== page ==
Note from Mary: Enjoy this guest post from my husband, Dave, a great writer, a great guy, and, as you'll soon find out, a great hiker:
Over the past four years, hiking mountains has become a very serious hobby for me. Ever since moving to upstate New York, I’ve had the Catskill and Adirondack Mountains within a 2 hour drive from my house. I’ve taken ample opportunity to explore them and enjoy them to the fullest.
This hiking hobby has brought on a lot of interesting conversations. Many are with people who haven’t hiked much; those who, when I talk about the 13 mile day-hike I did last Saturday, stare at me like I’m from another planet. (And I don’t blame them -- sometimes I wonder myself why I choose to spend my free time driving 2 hours each way to do strenuous activity all day, when I could be relaxing at home!) What I find most interesting is that despite their reactions, they don’t often ask me why I like to hike. I think the reason is that most people can appreciate the good things about hiking, even if they never would do it (to that extent) themselves.
For those of you who might be thinking “Dave, I really have no idea why you would choose to do such a laborious activity as your fun pastime,” here are the things I tell myself when I’m exhausted on the trail and wondering the same thing.
It’s very good for your health: Hiking is a very steady endurance exercise that works a lot of muscles over a long period of time. A typical day hike for me is 7-10 hours, and save for a few breaks I am constantly moving (sometimes on flat ground but mostly climbing or descending). That’s a lot of cardio, muscle work, and calorie burning. Though I might be tired that night and sore the next couple days, I know I’m doing my body a favor. Well…most of the time anyway. There have been a few times where I’ve pushed the envelope and come back hurting or dehydrated or both. Note to self: don’t do that. That’s not good for your health; that’s a humility check.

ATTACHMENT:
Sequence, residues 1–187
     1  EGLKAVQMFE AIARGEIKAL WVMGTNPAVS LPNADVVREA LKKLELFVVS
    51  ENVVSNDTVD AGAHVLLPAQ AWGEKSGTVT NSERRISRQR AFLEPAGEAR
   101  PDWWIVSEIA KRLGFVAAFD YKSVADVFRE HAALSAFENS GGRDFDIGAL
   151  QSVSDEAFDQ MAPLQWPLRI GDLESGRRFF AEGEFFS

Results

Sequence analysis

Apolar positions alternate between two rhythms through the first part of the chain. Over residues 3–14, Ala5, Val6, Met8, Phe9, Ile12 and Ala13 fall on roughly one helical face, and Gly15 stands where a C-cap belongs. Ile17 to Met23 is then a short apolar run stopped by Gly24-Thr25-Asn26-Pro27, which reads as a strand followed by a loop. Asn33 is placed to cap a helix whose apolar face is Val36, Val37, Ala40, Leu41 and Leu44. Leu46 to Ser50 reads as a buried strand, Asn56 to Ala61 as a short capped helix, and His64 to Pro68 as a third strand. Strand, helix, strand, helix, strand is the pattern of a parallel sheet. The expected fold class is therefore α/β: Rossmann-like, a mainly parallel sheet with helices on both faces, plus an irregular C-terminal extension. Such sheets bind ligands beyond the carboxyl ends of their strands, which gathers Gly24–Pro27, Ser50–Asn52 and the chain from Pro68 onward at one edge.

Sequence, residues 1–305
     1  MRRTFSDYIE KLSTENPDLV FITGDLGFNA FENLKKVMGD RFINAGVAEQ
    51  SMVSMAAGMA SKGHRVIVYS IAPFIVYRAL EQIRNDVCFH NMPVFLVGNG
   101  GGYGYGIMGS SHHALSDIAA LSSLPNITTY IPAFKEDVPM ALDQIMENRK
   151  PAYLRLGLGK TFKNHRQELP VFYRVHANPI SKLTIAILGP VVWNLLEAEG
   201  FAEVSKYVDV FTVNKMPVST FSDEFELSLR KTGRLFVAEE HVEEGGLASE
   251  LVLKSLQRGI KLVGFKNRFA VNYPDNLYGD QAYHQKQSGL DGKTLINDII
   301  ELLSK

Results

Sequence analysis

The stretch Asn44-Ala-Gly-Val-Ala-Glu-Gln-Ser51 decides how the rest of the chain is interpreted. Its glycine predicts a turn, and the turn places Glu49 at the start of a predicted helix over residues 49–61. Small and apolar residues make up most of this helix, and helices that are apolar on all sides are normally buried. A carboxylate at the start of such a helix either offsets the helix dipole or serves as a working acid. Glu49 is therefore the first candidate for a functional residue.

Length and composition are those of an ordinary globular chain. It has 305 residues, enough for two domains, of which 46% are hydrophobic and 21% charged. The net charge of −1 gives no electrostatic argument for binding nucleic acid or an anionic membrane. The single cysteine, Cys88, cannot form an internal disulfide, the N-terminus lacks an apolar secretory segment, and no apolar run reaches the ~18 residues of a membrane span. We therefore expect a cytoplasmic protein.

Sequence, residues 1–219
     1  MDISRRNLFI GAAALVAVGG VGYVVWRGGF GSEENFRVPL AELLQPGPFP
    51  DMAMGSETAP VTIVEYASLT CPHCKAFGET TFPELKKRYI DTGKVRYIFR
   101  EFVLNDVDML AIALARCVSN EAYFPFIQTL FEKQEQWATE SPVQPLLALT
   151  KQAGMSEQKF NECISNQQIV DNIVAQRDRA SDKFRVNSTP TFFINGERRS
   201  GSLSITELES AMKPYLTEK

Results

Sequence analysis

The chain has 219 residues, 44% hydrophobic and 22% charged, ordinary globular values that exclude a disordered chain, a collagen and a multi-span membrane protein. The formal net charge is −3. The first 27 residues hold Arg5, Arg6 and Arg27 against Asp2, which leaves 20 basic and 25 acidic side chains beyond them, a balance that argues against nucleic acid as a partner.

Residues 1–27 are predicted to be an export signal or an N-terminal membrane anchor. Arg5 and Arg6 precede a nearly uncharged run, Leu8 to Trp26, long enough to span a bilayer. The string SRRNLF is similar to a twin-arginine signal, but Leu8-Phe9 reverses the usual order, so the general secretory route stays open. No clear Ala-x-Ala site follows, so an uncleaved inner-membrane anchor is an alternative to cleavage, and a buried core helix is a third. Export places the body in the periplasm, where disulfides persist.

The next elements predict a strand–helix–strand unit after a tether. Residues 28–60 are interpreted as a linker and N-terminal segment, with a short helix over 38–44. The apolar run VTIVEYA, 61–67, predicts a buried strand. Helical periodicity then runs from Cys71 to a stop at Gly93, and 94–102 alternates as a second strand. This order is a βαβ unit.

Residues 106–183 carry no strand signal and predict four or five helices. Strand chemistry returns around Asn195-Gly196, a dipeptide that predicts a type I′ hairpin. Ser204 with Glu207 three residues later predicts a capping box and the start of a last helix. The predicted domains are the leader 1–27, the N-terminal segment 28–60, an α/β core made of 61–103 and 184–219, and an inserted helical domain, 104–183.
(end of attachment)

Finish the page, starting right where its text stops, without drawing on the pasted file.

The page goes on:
I can accomplish something: I find I enjoy doing things more when there is a goal in sight. Hiking provides this in the simplest way possible: #1 - reach the summit. #2 - make it back to the car alive. Check and check! Sometimes this is what I need to pull me through on a long day, and it is fulfilling in a way to look back and see what I’ve been able to accomplish (I’ve done 28 of the 46 highest peaks in New York).
It helps me think: I’ve found there’s no better way to clear your mind than to go on a long hike. All the cares of the world pass away, and all your mind has to think about is moving your feet forward. What’s left of your brain power can think about anything at all with surprising clarity, particularly when there are no crowds and all you hear are your feet and the trees rustling in the soft breeze. And that’s a really valuable thing in the busy world we live in.
It helps me appreciate life more: I can’t tell you how many times I’ve been on a hike (particularly near the end) and felt a longing and a thankfulness for my wife, for my friends and family, for my warm (dry) house [picture a very soaking wet Dave], for the delicious food I have to eat [picture a voraciously hungry Dave]. When I’m away from those things in solitude out in the wilderness, I can’t help but see the blessings God has given me in a new light.
I can savor God’s beautiful creation: What better way to see the handiwork of the Creator than be among it, amidst the streams and waterfalls, the forests and bushes, the swamps and valleys, and the peaks and cliffs? As the creation points to the Creator, all of it helps me get a better taste of the beauty of our God.
I consider hiking a privilege, given the place where I am and the time I’ve been given to do it. I’m not a marathoner out to set a fitness record, or a go-getter out to check boxes of my own accomplishments. I’m just humbled by the enormity of our world, and I found this to be cool way to experience and appreciate a small part of it. That’s why I hike mountains.